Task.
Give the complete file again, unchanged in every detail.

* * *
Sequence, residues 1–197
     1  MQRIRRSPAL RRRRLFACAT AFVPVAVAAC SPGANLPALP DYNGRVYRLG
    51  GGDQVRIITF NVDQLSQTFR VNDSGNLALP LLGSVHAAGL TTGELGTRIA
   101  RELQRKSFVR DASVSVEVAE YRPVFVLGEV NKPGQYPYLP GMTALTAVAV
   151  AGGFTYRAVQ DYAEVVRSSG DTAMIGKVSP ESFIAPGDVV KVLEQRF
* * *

Sequence, residues 1–197
     1  MQRIRRSPAL RRRRLFACAT AFVPVAVAAC SPGANLPALP DYNGRVYRLG
    51  GGDQVRIITF NVDQLSQTFR VNDSGNLALP LLGSVHAAGL TTGELGTRIA
   101  RELQRKSFVR DASVSVEVAE YRPVFVLGEV NKPGQYPYLP GMTALTAVAV
   151  AGGFTYRAVQ DYAEVVRSSG DTAMIGKVSP ESFIAPGDVV KVLEQRF